‘Papercutter’ Attempts To Address Unresolved Anger Issues
‘Papercutter’, written and directed by Aaron Colborn follows an MMA fighter who seeks help from a support group for his uncontrollable rage. While what seems to have been a tried and tested storyline, the film fails to impress for its lack in precision in various aspects of filmmaking, but works for the sincere attempt made at addressing mental health issues. ‘Papercutter’, although seemingly a vague attempt at telling a story that could have been approached in a better way is worth appreciation for the performances of its actors, who although may come across as lacking conviction, do not fail to hit the mark with their acting chops.
Perhaps the major issue in the film is the cinematography opted by Dru Williams. The deliberate lack of consistency and intentional use of harsh lighting is effective only when used in the right proportions. Many a time, the lighting on the character can be seen shifting from the right to the left side of the character. Add to that, the non-continuity of the lighting only abruptly disturbs the viewing experience. Also, the images are subjected to overexposure that is burning the bright colours in the frame.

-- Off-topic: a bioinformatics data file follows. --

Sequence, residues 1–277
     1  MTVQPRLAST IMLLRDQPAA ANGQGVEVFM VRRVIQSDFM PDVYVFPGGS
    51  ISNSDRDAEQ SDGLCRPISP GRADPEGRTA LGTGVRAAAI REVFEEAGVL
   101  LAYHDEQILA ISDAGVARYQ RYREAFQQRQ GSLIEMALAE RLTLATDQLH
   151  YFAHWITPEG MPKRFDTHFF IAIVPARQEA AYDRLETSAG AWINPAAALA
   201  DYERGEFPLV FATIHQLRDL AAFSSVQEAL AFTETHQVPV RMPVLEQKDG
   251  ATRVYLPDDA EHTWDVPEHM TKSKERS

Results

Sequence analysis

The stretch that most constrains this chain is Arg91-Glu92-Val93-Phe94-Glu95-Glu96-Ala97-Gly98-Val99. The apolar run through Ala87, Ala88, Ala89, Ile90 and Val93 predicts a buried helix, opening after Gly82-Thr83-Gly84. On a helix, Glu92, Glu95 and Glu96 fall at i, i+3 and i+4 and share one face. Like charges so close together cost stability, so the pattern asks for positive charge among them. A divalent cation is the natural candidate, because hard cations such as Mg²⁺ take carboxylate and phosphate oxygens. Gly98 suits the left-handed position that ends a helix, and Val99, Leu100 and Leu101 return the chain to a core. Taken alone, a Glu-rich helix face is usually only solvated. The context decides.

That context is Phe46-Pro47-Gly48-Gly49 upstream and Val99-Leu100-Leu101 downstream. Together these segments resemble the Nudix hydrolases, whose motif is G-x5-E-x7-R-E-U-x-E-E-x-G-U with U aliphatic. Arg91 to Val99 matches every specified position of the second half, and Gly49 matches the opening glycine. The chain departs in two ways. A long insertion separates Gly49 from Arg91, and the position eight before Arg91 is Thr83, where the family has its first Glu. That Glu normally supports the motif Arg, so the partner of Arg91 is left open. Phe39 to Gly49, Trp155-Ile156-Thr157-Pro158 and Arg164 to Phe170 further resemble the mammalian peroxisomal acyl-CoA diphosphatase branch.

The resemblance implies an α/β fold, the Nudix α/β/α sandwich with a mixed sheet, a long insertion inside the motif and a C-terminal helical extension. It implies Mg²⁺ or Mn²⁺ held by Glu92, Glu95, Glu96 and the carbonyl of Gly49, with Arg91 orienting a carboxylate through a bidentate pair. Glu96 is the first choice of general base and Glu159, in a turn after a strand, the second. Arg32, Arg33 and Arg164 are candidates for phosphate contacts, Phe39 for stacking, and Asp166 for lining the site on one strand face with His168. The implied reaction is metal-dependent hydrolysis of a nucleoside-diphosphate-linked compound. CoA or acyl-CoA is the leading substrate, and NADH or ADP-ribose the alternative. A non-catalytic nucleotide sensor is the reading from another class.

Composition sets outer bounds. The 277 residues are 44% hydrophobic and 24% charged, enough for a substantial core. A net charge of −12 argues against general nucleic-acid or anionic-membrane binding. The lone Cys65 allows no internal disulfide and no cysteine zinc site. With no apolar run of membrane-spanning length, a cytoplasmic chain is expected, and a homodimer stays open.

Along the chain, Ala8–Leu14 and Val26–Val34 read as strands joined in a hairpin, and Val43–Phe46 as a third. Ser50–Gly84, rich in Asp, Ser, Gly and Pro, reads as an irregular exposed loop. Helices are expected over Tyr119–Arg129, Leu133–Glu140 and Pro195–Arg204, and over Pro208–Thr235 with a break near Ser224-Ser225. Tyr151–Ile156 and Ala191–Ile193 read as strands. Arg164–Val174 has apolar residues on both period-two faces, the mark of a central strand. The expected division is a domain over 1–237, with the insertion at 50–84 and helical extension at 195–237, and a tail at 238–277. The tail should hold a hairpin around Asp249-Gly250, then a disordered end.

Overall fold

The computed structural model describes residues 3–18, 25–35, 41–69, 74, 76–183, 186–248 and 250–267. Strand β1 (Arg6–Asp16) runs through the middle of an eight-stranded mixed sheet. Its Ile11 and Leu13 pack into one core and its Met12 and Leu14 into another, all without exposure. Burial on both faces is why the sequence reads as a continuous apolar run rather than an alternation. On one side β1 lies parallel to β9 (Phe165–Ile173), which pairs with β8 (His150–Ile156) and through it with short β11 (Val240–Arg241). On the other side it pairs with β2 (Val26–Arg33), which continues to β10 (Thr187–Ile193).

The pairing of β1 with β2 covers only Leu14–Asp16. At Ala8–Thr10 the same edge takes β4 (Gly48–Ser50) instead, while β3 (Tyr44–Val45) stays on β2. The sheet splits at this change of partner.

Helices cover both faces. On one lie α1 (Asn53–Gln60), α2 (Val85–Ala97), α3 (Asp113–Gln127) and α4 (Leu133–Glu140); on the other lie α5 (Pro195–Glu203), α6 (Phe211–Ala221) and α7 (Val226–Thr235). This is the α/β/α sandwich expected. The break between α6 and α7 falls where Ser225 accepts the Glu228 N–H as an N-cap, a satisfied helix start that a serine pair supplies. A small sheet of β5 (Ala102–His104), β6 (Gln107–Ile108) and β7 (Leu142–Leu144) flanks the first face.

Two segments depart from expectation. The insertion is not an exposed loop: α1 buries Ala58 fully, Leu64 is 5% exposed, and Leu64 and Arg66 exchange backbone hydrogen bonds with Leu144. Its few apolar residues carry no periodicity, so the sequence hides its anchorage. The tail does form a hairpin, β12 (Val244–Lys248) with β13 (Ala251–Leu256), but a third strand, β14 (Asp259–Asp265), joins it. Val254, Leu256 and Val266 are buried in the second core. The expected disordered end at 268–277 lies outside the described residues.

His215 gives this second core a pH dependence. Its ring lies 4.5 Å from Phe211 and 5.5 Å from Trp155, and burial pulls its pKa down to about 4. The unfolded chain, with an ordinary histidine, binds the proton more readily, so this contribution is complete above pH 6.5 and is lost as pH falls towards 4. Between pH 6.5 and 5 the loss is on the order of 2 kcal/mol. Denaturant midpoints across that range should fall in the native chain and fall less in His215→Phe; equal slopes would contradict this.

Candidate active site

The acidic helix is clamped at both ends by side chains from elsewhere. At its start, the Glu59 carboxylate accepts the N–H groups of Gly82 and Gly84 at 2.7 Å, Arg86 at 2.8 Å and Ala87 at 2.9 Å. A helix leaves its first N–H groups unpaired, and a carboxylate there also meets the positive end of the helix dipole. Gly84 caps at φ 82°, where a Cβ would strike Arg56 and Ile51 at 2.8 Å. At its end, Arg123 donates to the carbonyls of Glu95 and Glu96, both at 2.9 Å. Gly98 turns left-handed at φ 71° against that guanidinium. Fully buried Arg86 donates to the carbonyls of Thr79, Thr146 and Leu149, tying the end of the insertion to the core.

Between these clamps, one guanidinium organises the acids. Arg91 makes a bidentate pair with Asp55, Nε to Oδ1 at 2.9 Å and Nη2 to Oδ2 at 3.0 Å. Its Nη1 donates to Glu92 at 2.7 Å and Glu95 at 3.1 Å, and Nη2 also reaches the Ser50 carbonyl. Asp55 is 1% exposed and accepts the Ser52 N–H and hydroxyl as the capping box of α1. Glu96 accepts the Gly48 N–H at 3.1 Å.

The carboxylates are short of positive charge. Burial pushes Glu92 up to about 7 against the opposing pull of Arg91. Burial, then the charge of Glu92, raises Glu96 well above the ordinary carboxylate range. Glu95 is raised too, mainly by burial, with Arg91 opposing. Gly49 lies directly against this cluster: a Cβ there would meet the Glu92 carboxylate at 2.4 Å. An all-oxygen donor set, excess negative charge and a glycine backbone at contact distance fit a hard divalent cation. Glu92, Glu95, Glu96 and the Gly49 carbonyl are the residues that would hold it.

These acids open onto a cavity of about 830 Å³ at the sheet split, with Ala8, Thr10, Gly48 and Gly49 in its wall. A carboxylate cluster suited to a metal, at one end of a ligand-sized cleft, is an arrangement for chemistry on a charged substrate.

The writing could have given more depth to its characters as they are largely left undefined. While one needs no justification as to why a character with anger issues would need therapy, to emotionally invest in them, it would have been a lot easier, had the audiences been given a peekaboo into their lives. Perhaps, the character might have had unresolved childhood issues? Or they are just stemming from PTSD? Regardless, the story fails to explore the narratives on these fronts.
“Revel in Time” by Gunship plays in the background while the character recalls and struggles with the memories of his outbursts. Some may disagree with the choice of music as it doesn’t quite fit for an emotional drama. For as the character seems to belong to the worlds of “Blade Runner” and “Tron: Legacy”, the music leans towards the athletic aspect of the film instead of sustaining the emotional buoyancy of the film.
Editor Coen A. Raymond, sticks to a linear style in editing. And, although the problems with the exposure could’ve been controlled during the editing, they seem to have been neglected with reason. The onus of a film’s finesse is largely put on the editor’s shoulders and rightfully so. However, with ‘Papercutter’ it deserved more than just neat editing.
The film runs for 12:57 minutes and is unable to leave a lasting impression due to the above-mentioned factors, but nonetheless makes an attempt, if not a decisive one, at yet addressing an issue that’s largely brushed under the carpet. For director Colborn, ‘Papercutter’ is definitely a stepping stone to a better film in the future.